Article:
10 Books I Didn’t Expect to Like (But Did!)

By most people’s standards, I read a lot. And I don’t read in just one genre. I love YA, horror, romance, thrillers, science fiction (as long as it’s not too hardcore), fantasy (though not usually the damsels and dragons type), self-help, memoirs… if it has words, I’ll pretty much attempt it.

That’s not to say I’ll like it. I like books with strong plot, and while there’s some literary fiction I love (Pride and Prejudice), there are far more that bore me to abandonment (The Goldfinch). Historical fiction, science fiction, and fantasy all have a tendency to get too bogged down in details I don’t care about.

Here’s a list of books I didn’t expect to love (but did!).

1. Outlander, by Diana Gabaldon– When my friend told me I HAD TO read Outlander, I simply said, “I’ll add it to my TBR.” At that point, I didn’t have any expectations about it. When I found out it was historical fiction, I would have been a bit dubious if I didn’t trust this friend’s taste in books.

I read the first 50 pages and thought it was fine, but the book is thick, and I didn’t think I could get through the whole thing that way. “Keep going,” she said, “It’s just about to get to the point where you can’t put it down.”

Oh, she was so right. Right around page 80, there’s no turning back. The book is magical and I love everything about it, though I’m not sure why. It’s not usually something I’d like. But I do.

2. On A Pale Horse, by Piers Anthony– My writing critique partner handed this book to me and said, “Read it; you’ll like it.” I said thanks and put it down to gather dust. One day, for no particular reason, I picked it up and read about Zane, who accidentally shoots Death and has to take over Death’s duties. But that’s not all… he’s part of a conspiracy between Satan and people who want to stop evil. When I finished it, I was mad at myself for not reading it sooner.

3. All the Ugly and Wonderful Things, by Bryn Greenwood– I think I find a way to put this on almost every list of books I recommend. (Sorry not sorry) I got this one through the Book of the Month club, and while I didn’t think I’d hate it, I wasn’t prepared to love it. I started it at around 9 p.m. on a Saturday night after it had sat on my bookshelf for a few months. My husband was snoring on the couch while I read straight through to the end. He said he tried talking to me a few times and I didn’t respond. It’s a hard book to explain, but it’s worth every moment spent with it.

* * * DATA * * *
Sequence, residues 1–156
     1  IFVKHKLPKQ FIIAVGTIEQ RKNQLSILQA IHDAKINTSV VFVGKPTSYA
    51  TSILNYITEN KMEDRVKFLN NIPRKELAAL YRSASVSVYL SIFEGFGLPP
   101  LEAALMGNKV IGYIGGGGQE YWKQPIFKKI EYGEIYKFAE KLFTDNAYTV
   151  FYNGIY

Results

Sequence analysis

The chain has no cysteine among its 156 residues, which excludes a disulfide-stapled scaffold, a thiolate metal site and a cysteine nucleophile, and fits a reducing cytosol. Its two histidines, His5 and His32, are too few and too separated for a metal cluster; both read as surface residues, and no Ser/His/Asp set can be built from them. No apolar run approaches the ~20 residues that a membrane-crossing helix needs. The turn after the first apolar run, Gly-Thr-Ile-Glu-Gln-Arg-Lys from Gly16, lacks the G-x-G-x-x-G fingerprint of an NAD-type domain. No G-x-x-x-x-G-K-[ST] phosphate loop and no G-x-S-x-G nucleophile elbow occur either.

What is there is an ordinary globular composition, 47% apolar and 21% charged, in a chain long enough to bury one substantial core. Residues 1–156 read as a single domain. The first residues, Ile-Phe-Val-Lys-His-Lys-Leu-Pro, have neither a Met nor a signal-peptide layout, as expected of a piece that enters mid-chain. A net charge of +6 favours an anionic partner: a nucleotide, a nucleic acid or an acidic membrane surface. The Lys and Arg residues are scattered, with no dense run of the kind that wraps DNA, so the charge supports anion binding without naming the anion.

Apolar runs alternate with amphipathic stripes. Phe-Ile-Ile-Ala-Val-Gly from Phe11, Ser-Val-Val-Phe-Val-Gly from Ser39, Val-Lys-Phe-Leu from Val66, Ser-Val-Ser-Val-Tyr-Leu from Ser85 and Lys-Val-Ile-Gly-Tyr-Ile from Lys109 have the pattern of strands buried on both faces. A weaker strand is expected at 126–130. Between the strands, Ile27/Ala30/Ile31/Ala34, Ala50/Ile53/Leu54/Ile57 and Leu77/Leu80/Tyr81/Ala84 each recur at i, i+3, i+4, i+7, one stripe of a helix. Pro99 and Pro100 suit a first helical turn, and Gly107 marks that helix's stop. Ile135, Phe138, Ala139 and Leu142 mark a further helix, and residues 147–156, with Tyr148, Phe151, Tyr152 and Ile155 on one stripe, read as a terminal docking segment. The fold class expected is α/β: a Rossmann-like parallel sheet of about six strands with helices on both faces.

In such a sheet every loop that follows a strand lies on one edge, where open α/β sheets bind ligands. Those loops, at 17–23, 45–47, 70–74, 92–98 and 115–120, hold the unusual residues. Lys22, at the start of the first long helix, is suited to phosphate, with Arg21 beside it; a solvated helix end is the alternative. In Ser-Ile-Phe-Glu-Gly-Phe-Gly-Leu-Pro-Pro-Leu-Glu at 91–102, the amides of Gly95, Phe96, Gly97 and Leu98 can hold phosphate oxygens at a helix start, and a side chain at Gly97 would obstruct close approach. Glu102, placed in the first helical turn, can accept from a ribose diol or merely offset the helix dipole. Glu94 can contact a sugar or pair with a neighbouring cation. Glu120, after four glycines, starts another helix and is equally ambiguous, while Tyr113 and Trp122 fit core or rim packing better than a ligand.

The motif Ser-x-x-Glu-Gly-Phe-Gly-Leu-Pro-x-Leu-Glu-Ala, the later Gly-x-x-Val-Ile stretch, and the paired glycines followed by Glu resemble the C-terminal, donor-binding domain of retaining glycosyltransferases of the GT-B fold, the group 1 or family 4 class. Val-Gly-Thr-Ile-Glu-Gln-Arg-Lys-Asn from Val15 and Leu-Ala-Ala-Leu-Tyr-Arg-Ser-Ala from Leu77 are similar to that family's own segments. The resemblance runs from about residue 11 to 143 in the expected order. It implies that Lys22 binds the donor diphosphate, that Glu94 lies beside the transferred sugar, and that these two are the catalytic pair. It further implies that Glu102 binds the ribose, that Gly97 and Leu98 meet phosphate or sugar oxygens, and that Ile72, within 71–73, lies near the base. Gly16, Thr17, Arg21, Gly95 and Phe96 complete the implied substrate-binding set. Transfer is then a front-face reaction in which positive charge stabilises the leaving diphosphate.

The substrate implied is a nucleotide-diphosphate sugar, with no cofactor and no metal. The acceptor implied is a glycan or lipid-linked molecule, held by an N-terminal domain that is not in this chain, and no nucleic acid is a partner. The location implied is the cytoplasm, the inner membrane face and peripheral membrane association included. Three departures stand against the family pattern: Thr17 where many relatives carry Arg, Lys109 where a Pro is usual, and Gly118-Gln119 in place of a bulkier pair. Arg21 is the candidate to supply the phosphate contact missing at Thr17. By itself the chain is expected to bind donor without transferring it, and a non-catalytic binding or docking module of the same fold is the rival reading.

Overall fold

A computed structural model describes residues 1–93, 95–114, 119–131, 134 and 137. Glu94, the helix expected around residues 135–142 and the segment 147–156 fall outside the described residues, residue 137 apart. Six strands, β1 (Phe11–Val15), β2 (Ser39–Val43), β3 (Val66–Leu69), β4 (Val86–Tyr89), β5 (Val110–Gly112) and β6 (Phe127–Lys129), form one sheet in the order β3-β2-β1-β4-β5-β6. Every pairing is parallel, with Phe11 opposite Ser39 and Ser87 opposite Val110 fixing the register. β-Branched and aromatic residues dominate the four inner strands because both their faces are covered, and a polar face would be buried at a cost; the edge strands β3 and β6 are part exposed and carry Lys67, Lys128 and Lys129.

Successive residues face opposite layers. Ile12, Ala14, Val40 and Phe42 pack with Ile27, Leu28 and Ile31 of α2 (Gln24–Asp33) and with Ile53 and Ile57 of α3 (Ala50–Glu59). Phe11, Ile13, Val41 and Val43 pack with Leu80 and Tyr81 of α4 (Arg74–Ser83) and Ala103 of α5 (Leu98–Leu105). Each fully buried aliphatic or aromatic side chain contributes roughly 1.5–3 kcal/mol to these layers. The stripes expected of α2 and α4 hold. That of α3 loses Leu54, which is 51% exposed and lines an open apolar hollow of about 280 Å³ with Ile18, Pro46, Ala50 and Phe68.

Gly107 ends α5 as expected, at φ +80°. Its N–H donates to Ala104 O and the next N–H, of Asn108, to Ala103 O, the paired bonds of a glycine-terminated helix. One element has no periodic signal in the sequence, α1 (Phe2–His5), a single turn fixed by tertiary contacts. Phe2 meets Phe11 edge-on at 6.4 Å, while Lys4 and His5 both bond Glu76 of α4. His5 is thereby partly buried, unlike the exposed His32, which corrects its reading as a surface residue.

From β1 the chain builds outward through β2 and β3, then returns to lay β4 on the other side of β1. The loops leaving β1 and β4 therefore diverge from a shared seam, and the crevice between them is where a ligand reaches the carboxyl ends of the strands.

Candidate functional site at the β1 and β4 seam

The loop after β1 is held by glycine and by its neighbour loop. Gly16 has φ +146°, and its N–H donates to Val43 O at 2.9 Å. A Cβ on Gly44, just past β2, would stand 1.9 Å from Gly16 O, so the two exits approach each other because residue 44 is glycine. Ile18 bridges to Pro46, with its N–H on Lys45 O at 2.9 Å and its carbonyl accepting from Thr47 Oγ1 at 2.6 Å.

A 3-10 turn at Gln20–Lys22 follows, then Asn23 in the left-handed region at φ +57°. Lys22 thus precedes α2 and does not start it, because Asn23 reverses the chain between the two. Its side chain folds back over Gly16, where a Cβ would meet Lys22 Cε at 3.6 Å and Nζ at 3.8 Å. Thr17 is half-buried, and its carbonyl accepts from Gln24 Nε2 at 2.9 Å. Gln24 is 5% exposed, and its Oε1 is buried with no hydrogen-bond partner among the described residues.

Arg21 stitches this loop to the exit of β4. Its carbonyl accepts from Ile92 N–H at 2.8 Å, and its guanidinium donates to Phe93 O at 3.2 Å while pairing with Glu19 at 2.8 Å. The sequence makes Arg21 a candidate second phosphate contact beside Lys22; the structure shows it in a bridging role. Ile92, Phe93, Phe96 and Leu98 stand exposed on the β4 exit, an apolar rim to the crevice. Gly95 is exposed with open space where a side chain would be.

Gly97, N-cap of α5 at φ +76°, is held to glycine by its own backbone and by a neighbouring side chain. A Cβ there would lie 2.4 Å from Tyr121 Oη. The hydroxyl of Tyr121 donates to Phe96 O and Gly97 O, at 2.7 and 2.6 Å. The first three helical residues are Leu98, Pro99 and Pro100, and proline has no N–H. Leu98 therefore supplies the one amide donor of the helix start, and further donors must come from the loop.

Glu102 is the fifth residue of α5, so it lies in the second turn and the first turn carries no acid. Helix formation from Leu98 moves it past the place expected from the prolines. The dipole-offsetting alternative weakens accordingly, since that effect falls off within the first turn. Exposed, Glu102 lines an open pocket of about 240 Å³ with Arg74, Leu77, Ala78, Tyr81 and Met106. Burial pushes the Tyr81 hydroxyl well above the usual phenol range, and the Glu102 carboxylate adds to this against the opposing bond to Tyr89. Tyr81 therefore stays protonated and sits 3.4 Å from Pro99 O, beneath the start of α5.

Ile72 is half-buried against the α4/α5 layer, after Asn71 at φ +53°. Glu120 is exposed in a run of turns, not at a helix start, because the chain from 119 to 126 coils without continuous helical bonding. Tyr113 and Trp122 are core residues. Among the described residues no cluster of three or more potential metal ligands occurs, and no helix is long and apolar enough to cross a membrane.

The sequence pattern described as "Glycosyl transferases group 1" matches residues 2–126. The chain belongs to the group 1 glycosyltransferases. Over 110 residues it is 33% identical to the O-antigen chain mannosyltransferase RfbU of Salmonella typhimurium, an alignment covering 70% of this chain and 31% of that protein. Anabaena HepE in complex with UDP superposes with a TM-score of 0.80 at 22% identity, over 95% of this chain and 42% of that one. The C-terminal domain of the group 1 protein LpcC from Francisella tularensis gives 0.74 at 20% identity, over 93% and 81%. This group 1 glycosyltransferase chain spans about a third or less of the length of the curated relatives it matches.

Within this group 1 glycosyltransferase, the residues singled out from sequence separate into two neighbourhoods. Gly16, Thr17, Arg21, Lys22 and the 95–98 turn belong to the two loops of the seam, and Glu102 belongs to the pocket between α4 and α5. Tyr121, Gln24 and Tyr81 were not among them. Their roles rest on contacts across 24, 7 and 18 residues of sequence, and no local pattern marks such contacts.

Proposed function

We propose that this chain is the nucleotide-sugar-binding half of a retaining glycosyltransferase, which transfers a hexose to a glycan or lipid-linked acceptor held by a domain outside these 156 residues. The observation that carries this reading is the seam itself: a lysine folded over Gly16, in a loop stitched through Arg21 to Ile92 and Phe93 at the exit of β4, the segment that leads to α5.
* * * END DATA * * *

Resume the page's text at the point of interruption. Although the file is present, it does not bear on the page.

4. Oliver Twist, by Charles Dickens– I guess I really had no idea what I was getting into with this one. I knew it was about Oliver and he was an orphan, but that’s about it. While that’s true, it’s about so much more. It’s about young Oliver trying to survive against all odds in Victorian London. Through everything he goes through, Oliver remains hopeful and innocent.

5. A Tree Grows In Brooklyn, by Betty Smith– This book was actually recommended to me by the same person who recommended Outlander. (Note to self: Always listen to Lea’s recommendations…) I only read this because I needed a book for the Popsugar category: a book in a genre I’ve never heard of. (“Bildungsroman: a novel about the moral and psychological growth of the main character” -Merriam-Webster.com)

When I read this described as a “quiet” novel where nothing much happens, I was prepared for a slog.

But it wasn’t like that. It was kind of quiet in that it was just about stuff happening to Frannie, but I liked Frannie and wanted to follow her. I wanted to know what happened to her and her parents and brother. I wanted her to be successful.